Living With ADHD

Published on June 6th, 2018

Updated on January 3rd, 2024

Living With ADHD

Attention Deficit Hyperactivity Disorder (ADHD) is a disorder that affects both children and adults. It is often diagnosed in childhood. ADHD causes a person to have a hard time focusing. This difficulty with focusing can cause an affected person to be inattentive, forgetful, or impulsive. Some people with ADHD can also be hyperactive, over-talkative, and difficult to control.

ADHD causes cognitive and behavioral issues. These issues can be managed with close monitoring from parents and professionals. Often people like family members, teachers, babysitters, and tutors will all need to be involved in managing symptoms of ADHD.

Types Of ADHD

There are specifiers that a person with ADHD will have. These specifiers indicate which type of ADHD a person is suffering from, which helps with learning how to manage the condition. The types of ADHD will involve inattention and/or hyperactivity and impulsivity.

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A person may have inattentive ADHD, hyperactive/impulsive ADHD, or combined type ADHD. A person with inattentive ADHD will show symptoms of inattention and distractibility. They may not have symptoms of hyperactivity. A person with hyperactive/impulsive ADHD will have some inattentive symptoms, but predominately hyperactive and impulsive symptoms. Combined ADHD causes a person to have a mixture of both inattentive and hyperactive/impulsive symptoms.

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Signs Of ADHD

There are telling signs that a person is suffering from ADHD. These signs can be noticed by people like parents/guardians, friends, doctors, and teachers. Signs are most often identified in children, but adults can show signs of ADHD as well.

A person will typically show signs of ADHD before age 12. They will be present in different situations and impact the affected person’s ability to function. Signs that a person with ADHD will show depend on the type of ADHD they have.

Signs of inattentive ADHD include:

Signs of hyperactive/impulsive ADHD include:

Causes and Risk Factors of ADHD

ADHD can be caused by different factors. There are circumstances out of the affected person’s control that can increase the risk of a person suffering from the disorder. Understanding the risk factors associated with ADHD can help with the diagnosis and treatment of the condition.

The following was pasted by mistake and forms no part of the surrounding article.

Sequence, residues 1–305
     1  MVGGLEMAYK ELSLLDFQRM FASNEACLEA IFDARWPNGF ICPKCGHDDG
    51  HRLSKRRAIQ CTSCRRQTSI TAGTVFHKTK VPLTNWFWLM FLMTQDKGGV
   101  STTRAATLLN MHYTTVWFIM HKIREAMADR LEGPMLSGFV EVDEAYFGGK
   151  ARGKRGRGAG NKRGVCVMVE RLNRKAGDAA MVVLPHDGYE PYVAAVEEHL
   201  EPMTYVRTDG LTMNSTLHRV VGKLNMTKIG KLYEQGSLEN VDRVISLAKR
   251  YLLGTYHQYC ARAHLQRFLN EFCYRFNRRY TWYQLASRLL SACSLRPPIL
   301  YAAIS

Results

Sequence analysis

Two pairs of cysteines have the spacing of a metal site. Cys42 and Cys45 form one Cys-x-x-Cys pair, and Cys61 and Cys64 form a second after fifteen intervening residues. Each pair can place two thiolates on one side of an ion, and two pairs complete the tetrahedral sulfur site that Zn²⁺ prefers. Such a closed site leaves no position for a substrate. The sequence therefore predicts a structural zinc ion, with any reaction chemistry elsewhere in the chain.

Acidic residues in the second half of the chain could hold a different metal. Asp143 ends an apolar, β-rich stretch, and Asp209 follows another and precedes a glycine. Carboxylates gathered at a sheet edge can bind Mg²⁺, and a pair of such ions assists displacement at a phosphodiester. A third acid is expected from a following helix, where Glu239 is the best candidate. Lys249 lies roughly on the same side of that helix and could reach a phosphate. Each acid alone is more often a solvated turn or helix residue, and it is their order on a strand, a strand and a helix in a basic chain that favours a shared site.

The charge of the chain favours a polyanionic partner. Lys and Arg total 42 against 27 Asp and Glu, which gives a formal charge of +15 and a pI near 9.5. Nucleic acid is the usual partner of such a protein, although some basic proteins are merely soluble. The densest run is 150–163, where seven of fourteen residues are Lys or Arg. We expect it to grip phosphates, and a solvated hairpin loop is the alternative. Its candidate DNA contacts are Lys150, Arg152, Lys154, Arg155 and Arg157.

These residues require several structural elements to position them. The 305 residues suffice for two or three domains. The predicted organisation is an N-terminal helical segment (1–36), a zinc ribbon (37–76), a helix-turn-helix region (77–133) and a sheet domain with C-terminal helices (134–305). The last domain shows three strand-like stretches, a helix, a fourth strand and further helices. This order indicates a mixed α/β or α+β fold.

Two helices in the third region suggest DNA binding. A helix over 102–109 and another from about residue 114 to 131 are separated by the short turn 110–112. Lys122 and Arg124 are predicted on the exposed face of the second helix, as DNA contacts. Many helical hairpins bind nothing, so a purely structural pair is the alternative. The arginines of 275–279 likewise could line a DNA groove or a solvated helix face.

The following are common causes and risk factors for ADHD:


ADHD can run in families. Those who have family members, especially parents, with issues relating to ADHD are likely to be diagnosed with ADHD as well. Typically, when ADHD is inherited there are neurological causes. Research supports that there may be a chemical imbalance in the brain of people who suffer from ADHD.

People with ADHD may also be influenced by correlating factors, like:

Birth Complications

A baby is at risk if they are born under traumatic circumstances or with complications. Such complications include low birth weight, prematurity, and head trauma. A child is also at risk if they were exposed to harmful chemicals related to substance use, smoking, or environmental toxins.

Environmental Issues

Many children with ADHD are brought up in a chaotic environment. Environments without structure and stability are likely to cause ADHD symptoms in children. Modifying these environmental components can help manage symptoms of ADHD.

ADHD Treatment

Cases of ADHD are often treated with psychiatric medication. Stimulant medication is often prescribed to people with ADHD. These medications affect the chemical composition of the brain. The results allow the affected person to focus more easily.

Behavioral and cognitive therapies are also helpful with treating ADHD. They help the affected person learn how to be aware of and cope with their symptoms. These forms of therapy can also help with treating other mental health issues. This boosts confidence and improves the affected person’s quality of life.

Forms of therapy a person with ADHD may benefit from include:

It is important to consider family therapy when dealing with a child or adolescent with ADHD. Having a child who is diagnosed with ADHD can be a challenge for all family members. That is why it is important to consult with a professional to learn how to cope with and manage a child with ADHD. Family therapy will teach parents and family members about what to expect when raising a child with ADHD. Consulting with a mental health professional also helps with developing a plan of action for difficult children.

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